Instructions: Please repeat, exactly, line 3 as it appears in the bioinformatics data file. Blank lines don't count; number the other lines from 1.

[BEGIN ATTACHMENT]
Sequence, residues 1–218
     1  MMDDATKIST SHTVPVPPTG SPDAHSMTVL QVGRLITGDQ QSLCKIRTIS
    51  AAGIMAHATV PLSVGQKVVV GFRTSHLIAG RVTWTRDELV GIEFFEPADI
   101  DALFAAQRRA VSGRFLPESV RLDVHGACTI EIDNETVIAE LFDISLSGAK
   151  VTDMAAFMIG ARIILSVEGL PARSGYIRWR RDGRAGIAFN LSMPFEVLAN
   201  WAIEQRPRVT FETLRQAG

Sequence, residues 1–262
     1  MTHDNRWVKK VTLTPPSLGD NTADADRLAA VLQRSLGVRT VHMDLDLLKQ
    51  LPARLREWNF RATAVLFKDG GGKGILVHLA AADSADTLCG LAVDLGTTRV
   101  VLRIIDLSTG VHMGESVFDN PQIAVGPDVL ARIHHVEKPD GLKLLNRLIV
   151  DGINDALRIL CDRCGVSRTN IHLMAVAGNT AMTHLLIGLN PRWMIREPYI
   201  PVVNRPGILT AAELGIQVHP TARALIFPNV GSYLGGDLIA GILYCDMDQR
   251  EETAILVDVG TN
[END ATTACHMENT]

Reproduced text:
    51  AAGIMAHATV PLSVGQKVVV GFRTSHLIAG RVTWTRDELV GIEFFEPADI